Trauma Center: Second Opinion
Trauma Center: Second Opinion sounds like a sequel to the oddball hit DS game Trauma Center: Under the Knife, doesn't it?
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Well, those of you craving more of the GUILT-ridden, life-saving drama that filled the original Trauma Center are in for both equal doses of disappointment and surprise: Second Opinion is actually a remake of Under The Knife, but with key changes and additions made to fit the Wii's unique control scheme.
Same Premise, Different Feel
PROTIP: Running out of time? You don't actually have to use antibiotic before you put on the bandage.
Although the storyline in Second Opinion is long and well-constructed, the heart of the game is definitely in the surgeries. However, the operations are exactly the same as in Under the Knife, with the same titles and, for the most part, the same procedures. Those who already mastered the original game will find little to be excited about, except for one key thing: the controls.
While Under the Knife was a flurry of quick, messy stylus strokes, Second Opinion requires the precision coordination of both hands to be successful. You use the nunchuck to quickly choose your implements, then use the remote to perform the actions. Although initially it's difficult to remember where each implement is placed on the nunchuck and actually select the implement without overshooting your mark, it only takes a few surgeries before the location of each implement becomes second nature to you.
And the results are great: it feels like you're actually picking out shards of glass with your forceps as you pinch down the A button and B trigger. You also can't help but feel amazed at how specific the game is; you can't just haphazardly drag that shard of glass out of a wound, you have to lift in the correct direction.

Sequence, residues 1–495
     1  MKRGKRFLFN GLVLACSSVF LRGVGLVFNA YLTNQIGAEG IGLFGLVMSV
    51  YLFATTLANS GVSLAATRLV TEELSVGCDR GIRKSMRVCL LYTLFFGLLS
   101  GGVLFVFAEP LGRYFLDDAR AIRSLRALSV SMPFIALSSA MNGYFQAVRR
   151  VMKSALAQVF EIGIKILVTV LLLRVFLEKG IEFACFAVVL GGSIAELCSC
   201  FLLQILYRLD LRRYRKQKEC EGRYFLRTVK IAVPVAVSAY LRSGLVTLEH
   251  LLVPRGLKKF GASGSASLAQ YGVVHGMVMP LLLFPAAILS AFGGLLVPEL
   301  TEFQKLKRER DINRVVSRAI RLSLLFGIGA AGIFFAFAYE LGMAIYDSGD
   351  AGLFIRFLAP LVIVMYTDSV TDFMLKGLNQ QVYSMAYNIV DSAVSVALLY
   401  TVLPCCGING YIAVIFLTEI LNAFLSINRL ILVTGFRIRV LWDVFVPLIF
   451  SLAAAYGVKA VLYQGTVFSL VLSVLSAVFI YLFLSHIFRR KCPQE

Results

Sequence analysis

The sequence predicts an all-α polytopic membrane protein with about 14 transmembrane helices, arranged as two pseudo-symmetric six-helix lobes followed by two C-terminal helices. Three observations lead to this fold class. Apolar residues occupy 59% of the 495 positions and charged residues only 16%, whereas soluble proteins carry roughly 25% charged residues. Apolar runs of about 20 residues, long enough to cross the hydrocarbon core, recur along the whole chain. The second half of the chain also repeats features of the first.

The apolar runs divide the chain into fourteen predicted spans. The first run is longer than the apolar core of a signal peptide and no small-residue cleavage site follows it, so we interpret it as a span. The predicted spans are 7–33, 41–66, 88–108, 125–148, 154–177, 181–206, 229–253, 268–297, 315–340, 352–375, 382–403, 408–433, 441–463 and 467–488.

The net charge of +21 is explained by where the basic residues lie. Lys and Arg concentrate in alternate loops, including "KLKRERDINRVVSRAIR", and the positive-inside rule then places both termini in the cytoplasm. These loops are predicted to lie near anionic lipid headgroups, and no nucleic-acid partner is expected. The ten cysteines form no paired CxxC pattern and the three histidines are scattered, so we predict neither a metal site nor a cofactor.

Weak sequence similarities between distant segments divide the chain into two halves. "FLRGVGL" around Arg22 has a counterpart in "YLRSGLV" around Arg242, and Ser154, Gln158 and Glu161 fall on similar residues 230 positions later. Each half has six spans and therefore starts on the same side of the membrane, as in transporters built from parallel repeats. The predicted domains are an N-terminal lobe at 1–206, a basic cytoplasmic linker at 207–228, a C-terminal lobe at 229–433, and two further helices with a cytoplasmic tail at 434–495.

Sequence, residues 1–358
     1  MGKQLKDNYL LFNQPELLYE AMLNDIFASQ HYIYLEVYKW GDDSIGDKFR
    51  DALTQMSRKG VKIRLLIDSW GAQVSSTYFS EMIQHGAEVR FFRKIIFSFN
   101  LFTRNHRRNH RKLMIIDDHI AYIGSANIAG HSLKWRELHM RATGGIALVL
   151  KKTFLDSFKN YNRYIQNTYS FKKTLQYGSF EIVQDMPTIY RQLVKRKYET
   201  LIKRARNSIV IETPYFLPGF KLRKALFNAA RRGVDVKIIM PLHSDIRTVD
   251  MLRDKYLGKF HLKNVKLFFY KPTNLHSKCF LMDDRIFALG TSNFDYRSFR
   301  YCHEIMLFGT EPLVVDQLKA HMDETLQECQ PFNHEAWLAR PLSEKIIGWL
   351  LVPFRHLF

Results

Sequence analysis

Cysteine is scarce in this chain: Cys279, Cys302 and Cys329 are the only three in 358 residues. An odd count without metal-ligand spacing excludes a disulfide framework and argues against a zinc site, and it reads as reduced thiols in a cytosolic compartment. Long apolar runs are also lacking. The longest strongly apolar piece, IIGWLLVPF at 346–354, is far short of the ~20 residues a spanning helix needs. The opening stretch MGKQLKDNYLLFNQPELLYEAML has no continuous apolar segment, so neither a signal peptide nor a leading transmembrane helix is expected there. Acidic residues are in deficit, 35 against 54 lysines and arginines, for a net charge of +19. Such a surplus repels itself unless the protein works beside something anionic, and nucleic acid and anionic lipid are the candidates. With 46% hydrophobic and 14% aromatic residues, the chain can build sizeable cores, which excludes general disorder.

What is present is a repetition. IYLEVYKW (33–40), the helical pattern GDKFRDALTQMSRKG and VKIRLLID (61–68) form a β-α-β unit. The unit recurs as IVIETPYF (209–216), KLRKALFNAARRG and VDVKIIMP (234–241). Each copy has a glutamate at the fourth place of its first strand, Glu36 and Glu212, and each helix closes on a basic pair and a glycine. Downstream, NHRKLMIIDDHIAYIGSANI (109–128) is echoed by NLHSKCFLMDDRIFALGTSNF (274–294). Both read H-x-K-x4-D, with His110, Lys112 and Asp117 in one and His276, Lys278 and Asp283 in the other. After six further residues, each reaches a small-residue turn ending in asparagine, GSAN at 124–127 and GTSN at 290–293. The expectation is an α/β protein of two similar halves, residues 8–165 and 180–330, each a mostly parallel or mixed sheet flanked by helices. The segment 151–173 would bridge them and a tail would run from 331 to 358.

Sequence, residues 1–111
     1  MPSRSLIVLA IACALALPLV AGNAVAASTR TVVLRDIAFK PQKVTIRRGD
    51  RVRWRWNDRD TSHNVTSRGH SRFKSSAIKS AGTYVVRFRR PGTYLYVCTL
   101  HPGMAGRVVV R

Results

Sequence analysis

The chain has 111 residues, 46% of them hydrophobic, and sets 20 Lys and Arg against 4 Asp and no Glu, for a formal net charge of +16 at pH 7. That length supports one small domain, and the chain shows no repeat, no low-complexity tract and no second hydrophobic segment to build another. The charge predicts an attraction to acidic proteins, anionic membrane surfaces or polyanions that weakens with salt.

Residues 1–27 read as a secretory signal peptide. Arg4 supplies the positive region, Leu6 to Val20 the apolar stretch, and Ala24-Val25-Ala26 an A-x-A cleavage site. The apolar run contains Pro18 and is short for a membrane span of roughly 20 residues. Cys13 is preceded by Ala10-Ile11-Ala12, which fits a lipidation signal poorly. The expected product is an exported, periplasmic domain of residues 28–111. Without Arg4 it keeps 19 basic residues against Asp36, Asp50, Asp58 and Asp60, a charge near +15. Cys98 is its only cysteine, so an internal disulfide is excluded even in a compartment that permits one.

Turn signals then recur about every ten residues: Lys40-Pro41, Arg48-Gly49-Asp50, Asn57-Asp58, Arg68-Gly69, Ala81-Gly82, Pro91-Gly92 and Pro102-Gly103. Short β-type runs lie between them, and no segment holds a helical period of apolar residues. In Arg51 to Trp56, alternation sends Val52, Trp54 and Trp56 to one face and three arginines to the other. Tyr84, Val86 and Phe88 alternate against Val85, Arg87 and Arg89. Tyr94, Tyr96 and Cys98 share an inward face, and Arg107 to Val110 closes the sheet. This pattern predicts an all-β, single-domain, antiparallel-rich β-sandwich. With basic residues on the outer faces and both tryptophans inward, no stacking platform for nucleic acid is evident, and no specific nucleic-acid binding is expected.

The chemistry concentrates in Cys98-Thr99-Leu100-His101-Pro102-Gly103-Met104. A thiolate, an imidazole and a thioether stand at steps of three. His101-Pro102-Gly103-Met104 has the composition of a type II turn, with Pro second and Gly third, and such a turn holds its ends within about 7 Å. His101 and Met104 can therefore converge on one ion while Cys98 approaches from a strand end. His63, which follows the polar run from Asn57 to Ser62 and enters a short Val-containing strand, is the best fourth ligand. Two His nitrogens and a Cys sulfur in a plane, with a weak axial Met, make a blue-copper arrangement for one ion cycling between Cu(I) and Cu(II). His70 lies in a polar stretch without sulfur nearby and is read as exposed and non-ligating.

I Can't Sew, But I Can Suture!
PROTIP: Even if it's done with uneven stitches, suturing will work as long as you span the majority of the wound.
Also new and most notable to Second Opinion is the introduction of difficulty settings. Under the Knife was notoriously hard, with many surgeries halting players for hours as they slave away or until they gave up in frustration after killing one patient too many. Second Opinion's easy mode will allow the casual player to breeze through the game with an ease that will make you wonder why you're not already slicing into people in an actual O.R. Normal mode still doesn't reach the difficulty level of the DS but is decently balanced, while hard mode requires the quickest eye and the steadiest hand.
Fans will love the new feel of Trauma Center, but I'm not sure that the handful of added surgeries and new ending are enough to convince those who have already played the DS version that it's worth the purchase. I will say, though, that those who loved the original should at least try the game to experience how having the Wii-mote has changed the feel of the operations.
PROTIP: The syringe is your best friend; keep an eye on the vitals and as soon as they drop significantly, start pumping your patient full of the miracle drugs.